Question: What lessons can the UK unit-linked guarantee market learn from the more established markets such as the US and Japan?
Answer - Colin Bell, European variable annuity product director, Aegon
Probably the main learning is that an existing ULG proposition from an established market in another part of the world can't just be transplanted into the UK market and be expected to be a success without tailoring of the benefit design and charges to fit the circumstances of the UK market.
Each country has its own tax and savings regime; regulatory framework; level of State provision; demographic fingerprint; savings culture; alternative savings vehicles and attitude to risk, all of which can affect the relative attractiveness of different types of guarantees. For example, capital guarantees are very popular in Japan although hardly used in the US (where lifetime income guarantees are the most popular benefit given the needs of the large at-retirement market).
Secondly, it is vital to understand the distribution dynamic and exactly who is the main 'customer' for marketing purposes - the distributor or the end consumer. In the US there is heavy wholesaling to advisers whereas in Japan the marketing effort is generally focused on the end consumer.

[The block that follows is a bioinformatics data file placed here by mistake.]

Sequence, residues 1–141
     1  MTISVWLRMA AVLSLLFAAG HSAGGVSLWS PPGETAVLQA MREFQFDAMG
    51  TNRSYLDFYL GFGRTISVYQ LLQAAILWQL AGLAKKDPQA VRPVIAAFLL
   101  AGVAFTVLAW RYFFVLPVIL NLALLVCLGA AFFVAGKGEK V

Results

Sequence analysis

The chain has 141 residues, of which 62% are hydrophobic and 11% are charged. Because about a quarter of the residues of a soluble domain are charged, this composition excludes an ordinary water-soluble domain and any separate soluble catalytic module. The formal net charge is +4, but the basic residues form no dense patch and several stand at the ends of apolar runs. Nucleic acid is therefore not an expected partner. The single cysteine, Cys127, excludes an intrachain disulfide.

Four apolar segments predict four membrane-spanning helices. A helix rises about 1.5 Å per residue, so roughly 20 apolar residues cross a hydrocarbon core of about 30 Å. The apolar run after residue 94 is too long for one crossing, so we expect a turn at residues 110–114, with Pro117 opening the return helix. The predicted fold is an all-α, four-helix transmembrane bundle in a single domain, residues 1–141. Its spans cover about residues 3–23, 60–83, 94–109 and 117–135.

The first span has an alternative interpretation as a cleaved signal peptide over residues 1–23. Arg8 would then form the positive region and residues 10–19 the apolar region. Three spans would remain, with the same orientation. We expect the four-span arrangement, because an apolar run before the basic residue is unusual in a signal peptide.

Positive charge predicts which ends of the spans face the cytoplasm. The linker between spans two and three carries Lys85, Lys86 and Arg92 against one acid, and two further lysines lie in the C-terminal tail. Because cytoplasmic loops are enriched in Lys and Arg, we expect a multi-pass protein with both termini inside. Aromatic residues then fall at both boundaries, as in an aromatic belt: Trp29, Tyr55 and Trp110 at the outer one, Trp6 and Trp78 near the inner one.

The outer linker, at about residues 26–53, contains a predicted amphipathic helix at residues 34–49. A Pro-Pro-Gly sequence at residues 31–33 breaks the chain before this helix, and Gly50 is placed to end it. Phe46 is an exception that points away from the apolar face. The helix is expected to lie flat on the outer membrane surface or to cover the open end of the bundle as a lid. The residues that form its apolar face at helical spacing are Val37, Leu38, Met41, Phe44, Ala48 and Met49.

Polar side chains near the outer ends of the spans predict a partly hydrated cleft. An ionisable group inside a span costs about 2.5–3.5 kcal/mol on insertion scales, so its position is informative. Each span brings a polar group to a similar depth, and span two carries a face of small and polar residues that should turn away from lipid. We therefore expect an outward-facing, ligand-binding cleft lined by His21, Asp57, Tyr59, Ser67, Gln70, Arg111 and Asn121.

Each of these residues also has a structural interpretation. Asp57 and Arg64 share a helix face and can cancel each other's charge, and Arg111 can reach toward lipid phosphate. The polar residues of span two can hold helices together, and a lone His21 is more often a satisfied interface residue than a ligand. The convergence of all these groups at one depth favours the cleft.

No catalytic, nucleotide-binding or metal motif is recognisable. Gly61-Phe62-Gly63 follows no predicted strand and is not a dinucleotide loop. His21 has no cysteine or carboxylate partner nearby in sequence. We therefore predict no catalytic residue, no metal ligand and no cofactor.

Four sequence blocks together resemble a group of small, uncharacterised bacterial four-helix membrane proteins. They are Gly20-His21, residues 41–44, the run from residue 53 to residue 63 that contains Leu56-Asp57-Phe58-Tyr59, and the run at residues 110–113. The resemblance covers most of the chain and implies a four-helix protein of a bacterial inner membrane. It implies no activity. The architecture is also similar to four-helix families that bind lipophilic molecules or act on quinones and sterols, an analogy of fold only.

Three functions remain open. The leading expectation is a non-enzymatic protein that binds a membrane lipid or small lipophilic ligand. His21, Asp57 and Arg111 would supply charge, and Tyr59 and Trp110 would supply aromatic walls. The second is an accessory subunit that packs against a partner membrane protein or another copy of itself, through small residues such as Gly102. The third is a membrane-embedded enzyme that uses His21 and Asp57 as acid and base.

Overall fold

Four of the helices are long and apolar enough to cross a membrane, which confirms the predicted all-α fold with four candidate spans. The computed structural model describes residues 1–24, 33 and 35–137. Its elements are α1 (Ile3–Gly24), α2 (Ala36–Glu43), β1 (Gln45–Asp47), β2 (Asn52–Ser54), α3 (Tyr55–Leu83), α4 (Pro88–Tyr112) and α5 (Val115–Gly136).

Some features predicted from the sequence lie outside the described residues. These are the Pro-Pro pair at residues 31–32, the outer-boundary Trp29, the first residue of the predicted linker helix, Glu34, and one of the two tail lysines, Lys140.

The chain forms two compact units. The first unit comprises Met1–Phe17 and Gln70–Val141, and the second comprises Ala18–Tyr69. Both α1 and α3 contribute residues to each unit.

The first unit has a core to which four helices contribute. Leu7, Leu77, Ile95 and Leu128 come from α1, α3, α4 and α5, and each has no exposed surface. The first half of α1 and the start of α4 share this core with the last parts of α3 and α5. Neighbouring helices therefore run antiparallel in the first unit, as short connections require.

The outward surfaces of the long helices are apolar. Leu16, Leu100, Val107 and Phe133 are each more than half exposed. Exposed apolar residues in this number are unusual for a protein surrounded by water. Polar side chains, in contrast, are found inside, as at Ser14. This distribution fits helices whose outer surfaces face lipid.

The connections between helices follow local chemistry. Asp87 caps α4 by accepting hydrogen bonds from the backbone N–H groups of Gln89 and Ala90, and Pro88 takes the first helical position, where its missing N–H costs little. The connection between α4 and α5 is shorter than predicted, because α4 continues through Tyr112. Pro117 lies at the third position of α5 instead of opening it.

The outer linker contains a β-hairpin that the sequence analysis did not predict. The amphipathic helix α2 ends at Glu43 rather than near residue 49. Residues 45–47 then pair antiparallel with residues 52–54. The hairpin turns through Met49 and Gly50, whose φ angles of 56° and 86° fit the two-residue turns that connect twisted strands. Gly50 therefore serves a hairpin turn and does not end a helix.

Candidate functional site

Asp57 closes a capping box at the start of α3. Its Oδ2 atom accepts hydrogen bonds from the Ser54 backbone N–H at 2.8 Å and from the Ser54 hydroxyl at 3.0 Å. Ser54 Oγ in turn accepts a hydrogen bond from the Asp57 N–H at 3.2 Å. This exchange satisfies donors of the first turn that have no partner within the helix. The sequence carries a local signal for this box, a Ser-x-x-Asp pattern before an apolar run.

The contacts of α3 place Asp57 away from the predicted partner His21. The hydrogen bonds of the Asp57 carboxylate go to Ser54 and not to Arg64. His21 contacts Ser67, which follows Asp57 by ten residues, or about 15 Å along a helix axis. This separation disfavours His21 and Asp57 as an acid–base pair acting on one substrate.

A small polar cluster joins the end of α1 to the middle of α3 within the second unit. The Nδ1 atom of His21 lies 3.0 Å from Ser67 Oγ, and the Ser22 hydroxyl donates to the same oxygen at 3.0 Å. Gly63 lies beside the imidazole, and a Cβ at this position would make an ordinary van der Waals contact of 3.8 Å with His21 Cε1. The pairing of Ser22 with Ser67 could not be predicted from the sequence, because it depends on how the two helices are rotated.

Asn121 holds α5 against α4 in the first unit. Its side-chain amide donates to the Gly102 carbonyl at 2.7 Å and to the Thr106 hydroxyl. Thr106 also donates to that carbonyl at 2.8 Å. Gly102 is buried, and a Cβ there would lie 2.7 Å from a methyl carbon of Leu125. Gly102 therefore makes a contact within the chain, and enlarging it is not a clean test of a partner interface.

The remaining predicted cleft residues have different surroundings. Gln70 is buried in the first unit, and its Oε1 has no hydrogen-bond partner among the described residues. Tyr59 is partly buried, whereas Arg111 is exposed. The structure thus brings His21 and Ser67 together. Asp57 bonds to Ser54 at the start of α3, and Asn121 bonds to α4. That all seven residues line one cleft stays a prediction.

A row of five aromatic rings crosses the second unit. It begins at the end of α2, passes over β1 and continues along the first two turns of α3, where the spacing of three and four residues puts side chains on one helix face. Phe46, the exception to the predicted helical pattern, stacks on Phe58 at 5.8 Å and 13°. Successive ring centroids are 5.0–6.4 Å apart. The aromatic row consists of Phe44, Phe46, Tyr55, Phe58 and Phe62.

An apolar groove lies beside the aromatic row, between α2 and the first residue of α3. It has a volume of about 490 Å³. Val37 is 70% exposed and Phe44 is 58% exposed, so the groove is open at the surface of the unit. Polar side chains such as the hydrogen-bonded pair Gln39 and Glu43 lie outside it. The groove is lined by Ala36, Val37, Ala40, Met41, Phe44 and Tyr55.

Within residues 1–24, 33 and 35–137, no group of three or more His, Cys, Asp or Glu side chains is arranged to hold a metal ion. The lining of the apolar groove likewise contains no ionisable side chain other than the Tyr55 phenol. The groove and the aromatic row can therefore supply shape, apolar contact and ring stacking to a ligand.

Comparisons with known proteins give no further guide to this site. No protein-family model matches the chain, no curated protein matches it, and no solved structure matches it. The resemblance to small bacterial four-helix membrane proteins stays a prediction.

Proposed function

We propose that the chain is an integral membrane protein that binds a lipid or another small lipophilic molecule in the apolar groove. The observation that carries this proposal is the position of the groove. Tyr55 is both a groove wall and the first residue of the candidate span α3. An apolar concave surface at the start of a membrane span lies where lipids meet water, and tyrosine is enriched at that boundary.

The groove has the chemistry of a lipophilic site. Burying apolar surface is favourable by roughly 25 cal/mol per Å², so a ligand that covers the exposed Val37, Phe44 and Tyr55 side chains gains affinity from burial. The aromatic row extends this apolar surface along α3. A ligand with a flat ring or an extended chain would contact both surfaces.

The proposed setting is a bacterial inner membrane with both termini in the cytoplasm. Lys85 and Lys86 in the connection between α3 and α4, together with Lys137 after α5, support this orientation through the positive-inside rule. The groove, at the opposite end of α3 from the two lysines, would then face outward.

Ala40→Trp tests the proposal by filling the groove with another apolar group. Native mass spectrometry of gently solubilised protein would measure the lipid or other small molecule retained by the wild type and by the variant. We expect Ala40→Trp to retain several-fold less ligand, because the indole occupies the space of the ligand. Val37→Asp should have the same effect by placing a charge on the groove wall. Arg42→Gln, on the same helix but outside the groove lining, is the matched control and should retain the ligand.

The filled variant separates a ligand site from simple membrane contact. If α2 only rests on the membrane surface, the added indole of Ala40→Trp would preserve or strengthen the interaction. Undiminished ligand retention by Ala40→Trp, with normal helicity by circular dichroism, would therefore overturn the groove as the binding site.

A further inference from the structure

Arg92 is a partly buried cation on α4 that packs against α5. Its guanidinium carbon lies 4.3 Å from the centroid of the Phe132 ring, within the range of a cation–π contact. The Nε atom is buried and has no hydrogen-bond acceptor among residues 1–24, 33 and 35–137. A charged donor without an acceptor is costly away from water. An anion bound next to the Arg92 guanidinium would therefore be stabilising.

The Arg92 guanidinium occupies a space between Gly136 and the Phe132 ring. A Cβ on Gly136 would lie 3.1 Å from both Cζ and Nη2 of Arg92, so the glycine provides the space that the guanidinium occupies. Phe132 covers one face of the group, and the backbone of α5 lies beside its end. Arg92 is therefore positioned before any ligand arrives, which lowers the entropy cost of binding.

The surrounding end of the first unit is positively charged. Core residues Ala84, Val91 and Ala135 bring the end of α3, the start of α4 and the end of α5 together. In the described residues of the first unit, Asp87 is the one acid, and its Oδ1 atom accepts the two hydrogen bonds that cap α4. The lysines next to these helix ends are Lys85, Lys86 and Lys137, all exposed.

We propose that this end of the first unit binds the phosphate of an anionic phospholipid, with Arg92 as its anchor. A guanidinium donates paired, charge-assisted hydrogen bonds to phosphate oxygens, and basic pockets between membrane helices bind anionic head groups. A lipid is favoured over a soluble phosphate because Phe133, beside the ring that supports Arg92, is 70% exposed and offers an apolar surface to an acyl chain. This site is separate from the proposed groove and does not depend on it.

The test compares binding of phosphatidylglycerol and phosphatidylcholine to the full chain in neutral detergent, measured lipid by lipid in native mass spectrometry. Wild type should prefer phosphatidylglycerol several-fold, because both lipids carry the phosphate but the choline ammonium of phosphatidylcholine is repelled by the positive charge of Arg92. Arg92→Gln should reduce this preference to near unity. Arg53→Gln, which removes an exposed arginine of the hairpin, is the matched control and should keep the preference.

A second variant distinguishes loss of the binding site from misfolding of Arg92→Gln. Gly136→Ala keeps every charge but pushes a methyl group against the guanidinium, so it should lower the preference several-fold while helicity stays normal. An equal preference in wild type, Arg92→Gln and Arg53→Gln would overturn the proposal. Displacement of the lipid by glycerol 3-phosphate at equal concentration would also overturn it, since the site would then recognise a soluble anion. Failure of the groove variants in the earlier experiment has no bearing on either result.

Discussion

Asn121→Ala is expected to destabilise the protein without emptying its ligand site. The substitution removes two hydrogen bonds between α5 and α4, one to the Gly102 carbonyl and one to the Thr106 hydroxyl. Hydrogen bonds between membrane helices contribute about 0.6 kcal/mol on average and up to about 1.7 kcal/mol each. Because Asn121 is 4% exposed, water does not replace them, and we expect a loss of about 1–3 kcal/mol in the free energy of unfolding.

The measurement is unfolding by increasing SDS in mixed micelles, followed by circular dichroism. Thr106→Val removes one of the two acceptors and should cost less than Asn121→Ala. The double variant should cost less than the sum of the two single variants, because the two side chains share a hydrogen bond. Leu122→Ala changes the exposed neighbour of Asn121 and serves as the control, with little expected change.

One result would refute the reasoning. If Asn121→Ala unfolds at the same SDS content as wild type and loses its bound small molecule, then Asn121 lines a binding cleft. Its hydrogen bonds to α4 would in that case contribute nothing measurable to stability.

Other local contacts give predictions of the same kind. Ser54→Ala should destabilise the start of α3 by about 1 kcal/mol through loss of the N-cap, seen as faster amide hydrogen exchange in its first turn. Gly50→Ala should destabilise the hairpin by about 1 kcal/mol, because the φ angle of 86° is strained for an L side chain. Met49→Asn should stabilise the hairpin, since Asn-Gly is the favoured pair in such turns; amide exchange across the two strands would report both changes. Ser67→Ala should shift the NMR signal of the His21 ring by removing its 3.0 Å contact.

Thirdly, the need for continued education and training for advisers, particularly in the early market growth phase, of customer needs in typical retirement savings scenarios and of the benefits and solutions that ULGs can offer. The US market in particular has shown the need to keep reinforcing the messages, especially where advisers are writing cases only occasionally.
Fourthly, the benefit in terms of increased growth momentum from having domestic insurers enter the market to join the first movers - who in Japan and the UK have tended to be existing US players or insurers with US ULG market experience within their group. It typically takes several years to really generate market momentum and get through the learning phase to the point of channel acceptance and adoption.
Finally, that the progress of growth can be disrupted by volatile equity markets, even though you could argue that this is the time that really brings home the value of guarantees. It is important during these times to maintain key product and sales features even if guarantee charges or benefit levels change.
Putting the tech into protection
Square Mile’s series of informal interviews
Fallout from Haywood suspension
Launching later in 2019
£80bn funds under calculation